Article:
The Lexus LF CH concept gives a good indication as to where the Japanese luxury brand is going, Toyota Europe sales and marketing executive vice president Didier Leroy told just-auto in Frankfurt.
“It tells you two things,” he said. “One is that we want to challenge BMW and Audi with the 1 series and A3 and, two, that we are clear that hybrid technology will spread through all our product ranges.”
But he added that a production version of the concept is not a done deal. “I would really like to think we could have this car for Europe but we need to evaluate the reaction we get from people at the show and elsewhere.”
Leroy is under no illusions about the job Lexus has to do in Europe. “Our sales have decreased 50% in the region and we need to address that. This area of the market is not where we have had a competitor in the past and it is an opportunity for us.
“That said, we don’t feel we need to fight Audi or BMW but we can perhaps offer an alternative with a hybrid vehicle in this sector.”
As other manufacturers announce electric vehicle plans, Toyota still plans to follow the hybrid route for the time being, Leroy added.
“It is 12 years since we launched the first Prius so we have a lot of experience in this field. At the moment hybrids are not restricted by range. We see other manufacturers introducing mild hybrids but we are focused for now on the full hybrid to serve most drivers’ needs.
“Of course we have the technology for electric vehicles but first you need to have an infrastructure in place and their time will come. We are also testing fuel cell vehicles, again the technology is there but the key is getting cost down to put this into volume production. We cannot see that happening before 2020.”
Toyota’s stated aim is to be selling 1m hybrids a year globally by the middle of the next decade, up from some 600,000 now. Leroy said: “In Europe we are currently selling just under 60,000 Toyota and Lexus hybrids. Next year we hope to see 70-80,000 and that is before the Auris hybrid is launched.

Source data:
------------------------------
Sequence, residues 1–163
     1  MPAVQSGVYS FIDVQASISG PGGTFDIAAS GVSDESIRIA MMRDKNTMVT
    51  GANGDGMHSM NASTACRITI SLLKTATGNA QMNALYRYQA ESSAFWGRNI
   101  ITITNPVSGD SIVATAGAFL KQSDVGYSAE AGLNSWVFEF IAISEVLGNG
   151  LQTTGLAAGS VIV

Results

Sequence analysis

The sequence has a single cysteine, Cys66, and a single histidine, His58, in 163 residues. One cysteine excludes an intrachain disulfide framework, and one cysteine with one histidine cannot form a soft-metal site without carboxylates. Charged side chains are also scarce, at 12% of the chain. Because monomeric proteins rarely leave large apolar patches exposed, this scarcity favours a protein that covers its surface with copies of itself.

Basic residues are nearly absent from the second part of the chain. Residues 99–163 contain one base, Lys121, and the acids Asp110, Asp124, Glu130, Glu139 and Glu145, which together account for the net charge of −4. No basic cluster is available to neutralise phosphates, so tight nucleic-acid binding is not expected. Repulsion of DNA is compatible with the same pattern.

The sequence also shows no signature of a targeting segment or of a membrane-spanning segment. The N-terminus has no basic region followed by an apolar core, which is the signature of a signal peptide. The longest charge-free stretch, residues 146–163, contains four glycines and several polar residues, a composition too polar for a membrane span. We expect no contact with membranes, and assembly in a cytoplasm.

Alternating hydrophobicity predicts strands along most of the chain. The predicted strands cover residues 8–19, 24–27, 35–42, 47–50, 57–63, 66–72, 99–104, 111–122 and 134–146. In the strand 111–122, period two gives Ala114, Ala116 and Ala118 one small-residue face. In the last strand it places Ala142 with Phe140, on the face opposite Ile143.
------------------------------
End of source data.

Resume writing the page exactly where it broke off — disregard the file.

“The Auris is due to go into production at the Burnaston factory in the UK late next year and Leroy said that technology will cascade into other Toyota and Lexus models.
“We have said we will have hybrid versions of all our vehicles by 2020 but beyond Auris there is, as yet, no decision on what the next vehicle will be.”
In the meantime Leroy said there is a job to done in boosting flagging Toyota and Lexus sales in Europe. He added: “We have had a difficult start to the year not only with the financial crisis but with the run out of a number of models such as previous generation Avenisis, Corolla Verso and Prius.
“New models are now on stream and sales are picking up but we will not be forced into discounting to gain false market share. We have to reinforce the foundations of our business and ensure the value of our products is maintained.”
While scrappage incentives have boosted sales, Leroy said he does not expect a quick recovery in the new car market. “If the scrappage schemes are not renewed we can expect a big drop in sales across Europe in 2010 with maybe the start of a slow recovery in the latter part of the year but certainly I do not see any great increase in sales next year.”